Skip to main content
ARS Home » Plains Area » Clay Center, Nebraska » U.S. Meat Animal Research Center » Reproduction Research » Research » Publications at this Location » Publication #359400

Research Project: Improving Lifetime Productivity in Swine

Location: Reproduction Research

Title: Associations between day one piglet serum immunocrit ratio and subsequent growth during gilt development

item Supakorn, C - Iowa State University
item Lents, Clay
item Martinez, X - Smithfield Foods, Inc
item Vallet, Jeffrey - Jeff
item Boyd, R - Hanor Family Of Companies
item Rohrer, Gary
item Dedecker, A - Smithfield Foods, Inc
item Stalder, K - Iowa State University

Submitted to: Journal of Animal Science Supplement
Publication Type: Abstract Only
Publication Acceptance Date: 11/8/2018
Publication Date: N/A
Citation: N/A

Interpretive Summary:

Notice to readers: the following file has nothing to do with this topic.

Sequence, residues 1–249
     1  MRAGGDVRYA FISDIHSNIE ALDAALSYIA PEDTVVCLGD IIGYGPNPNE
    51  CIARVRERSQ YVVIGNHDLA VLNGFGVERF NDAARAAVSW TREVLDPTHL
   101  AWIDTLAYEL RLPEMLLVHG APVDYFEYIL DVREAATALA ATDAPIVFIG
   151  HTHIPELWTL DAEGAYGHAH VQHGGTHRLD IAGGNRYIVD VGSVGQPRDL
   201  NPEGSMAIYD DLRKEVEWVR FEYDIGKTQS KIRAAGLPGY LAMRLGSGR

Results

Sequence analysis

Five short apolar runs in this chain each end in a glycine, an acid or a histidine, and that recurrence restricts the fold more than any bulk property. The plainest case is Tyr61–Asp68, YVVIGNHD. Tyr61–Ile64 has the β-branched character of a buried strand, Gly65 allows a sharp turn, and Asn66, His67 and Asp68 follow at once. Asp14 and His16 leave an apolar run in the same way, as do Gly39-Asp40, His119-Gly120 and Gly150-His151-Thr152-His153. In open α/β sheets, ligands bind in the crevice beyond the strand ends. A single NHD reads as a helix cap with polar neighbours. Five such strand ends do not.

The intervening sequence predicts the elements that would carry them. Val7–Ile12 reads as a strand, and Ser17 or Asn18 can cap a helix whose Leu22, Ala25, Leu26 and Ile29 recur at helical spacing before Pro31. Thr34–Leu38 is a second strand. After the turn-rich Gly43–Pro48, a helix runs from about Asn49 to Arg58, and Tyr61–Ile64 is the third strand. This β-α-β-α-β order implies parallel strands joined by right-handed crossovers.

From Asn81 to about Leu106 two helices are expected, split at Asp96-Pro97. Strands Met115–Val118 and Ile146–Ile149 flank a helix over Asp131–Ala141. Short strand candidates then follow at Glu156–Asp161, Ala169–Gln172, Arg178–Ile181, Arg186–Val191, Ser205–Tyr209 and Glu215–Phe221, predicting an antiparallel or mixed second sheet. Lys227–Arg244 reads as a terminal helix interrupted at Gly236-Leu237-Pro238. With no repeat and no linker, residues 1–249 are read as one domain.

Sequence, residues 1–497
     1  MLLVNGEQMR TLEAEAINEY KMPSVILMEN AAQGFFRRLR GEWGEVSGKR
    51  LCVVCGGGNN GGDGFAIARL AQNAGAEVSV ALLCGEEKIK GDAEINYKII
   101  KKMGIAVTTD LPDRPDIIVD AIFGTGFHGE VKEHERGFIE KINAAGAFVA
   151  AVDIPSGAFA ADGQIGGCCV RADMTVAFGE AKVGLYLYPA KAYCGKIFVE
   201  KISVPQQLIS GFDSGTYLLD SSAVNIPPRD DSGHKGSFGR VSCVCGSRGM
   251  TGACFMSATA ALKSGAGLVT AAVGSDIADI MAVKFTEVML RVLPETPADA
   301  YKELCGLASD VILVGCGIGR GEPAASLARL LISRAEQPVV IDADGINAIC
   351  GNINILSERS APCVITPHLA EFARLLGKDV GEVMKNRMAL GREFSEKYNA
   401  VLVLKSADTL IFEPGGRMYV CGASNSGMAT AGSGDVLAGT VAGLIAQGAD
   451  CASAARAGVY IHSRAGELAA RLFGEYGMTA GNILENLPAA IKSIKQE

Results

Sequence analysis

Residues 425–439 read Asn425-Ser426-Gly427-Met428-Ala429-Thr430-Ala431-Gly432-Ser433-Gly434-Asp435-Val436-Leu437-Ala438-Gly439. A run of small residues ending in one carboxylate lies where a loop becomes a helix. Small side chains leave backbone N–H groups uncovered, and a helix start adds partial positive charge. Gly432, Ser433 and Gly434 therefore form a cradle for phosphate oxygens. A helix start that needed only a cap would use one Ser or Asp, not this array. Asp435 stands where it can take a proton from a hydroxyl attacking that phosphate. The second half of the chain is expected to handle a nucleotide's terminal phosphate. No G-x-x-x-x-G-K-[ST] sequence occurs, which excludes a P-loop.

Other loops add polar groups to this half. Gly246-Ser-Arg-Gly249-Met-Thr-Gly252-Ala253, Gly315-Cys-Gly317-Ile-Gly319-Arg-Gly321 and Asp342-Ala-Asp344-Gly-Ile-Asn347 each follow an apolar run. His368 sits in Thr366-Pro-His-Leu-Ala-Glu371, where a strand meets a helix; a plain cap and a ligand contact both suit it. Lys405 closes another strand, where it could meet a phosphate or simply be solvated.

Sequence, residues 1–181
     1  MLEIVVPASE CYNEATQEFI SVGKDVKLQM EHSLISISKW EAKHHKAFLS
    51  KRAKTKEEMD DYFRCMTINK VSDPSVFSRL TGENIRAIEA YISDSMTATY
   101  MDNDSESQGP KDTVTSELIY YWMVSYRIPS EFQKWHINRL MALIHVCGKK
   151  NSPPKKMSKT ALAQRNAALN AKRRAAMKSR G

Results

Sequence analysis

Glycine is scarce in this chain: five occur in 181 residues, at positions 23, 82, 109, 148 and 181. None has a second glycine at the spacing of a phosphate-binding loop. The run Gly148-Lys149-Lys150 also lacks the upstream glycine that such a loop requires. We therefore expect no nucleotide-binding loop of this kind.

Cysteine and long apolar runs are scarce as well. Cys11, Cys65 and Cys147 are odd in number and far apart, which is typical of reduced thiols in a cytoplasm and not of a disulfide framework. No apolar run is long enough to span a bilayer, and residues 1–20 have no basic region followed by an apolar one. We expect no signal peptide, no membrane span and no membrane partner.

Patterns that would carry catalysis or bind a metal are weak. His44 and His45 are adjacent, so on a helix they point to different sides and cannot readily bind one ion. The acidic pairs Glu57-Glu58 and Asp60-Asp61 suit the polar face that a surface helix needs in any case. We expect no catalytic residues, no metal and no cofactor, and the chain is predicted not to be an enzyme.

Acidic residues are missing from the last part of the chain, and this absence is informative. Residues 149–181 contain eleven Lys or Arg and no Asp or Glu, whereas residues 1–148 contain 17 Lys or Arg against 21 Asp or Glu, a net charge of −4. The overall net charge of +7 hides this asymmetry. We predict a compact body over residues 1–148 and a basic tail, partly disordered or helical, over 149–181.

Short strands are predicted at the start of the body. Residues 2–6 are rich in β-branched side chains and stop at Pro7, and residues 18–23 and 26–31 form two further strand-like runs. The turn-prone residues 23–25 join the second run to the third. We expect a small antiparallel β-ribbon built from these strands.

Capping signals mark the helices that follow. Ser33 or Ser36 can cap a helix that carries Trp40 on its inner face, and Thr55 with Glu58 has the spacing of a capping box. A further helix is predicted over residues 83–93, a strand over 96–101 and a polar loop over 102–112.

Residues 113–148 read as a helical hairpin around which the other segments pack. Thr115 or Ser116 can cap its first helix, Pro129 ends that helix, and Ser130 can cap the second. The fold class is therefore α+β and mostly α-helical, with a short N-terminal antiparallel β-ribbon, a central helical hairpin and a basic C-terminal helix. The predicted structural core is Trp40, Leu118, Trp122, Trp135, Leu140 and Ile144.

Technical Abstract: Colostrum intake affects gut development in the neonatal piglet. The pig’s subsequent growth performance and viability may be affected by colostrum intake. Immunoglobulin uptake can be effectively estimated from the piglet’s immunocrit ratio (IR). The objective for this study was to determine the association between IR and growth performance from weaning to 200 days. Associations between serum IR measures and subsequent growth performance such as body weight, backfat thickness, caliper reading, and flank-to-flank distance at weaning (WW), 100, 142, 160, and 200 days, average daily gain (ADG) between weaning to 100 days (ADG1), and ADG between 100 to 200 days (ADG2) were evaluated. The IR measures were collected from 2,715 female piglets on Day 1 at Circle 4 Farms, Milford, UT and measured by USMARC. The IR evaluation was divided into 5 groups: lowest (0.05'IC; n=90), low (0.05'IC'0.1; n=362), medium (0.1'IC'0.15; n=1,314), high (0.15'IC<0.2; n=949), and highest (IC ' 0.2; n=141), respectively. Weaning weight, subsequent growth performance and ADG least square means for each IR category were analyzed using PROC GLM and PDIFF option for mean comparisons. Fixed effects for post-weaning growth traits were contemporary group (week x room), development diet, and birth weight category. Development diet was not included in the model for WW. Gilts from high and highest IR had significantly (P<0.05) greater weaning weight (6.5±0.1 kg and 6.5±0.1 kg, respectively), backfat thickness, caliper reading, and flank-to-flank distance at 100 to 200 days, ADG1 (0.45±0.004 kg/day and 0.45±0.007 kg/day, respectively) and ADG2 (0.79±0.005 kg/day and 0.81±0.001 kg/day, respectively) when compared to gilts from lowest IR (5.9±0.2 kg for WW, 0.39±0.008 kg/day for ADG1, and 0.75±0.01 kg/day for ADG2). These data support the concept that neonatal piglet colostrum intake results in improved subsequent growth performance.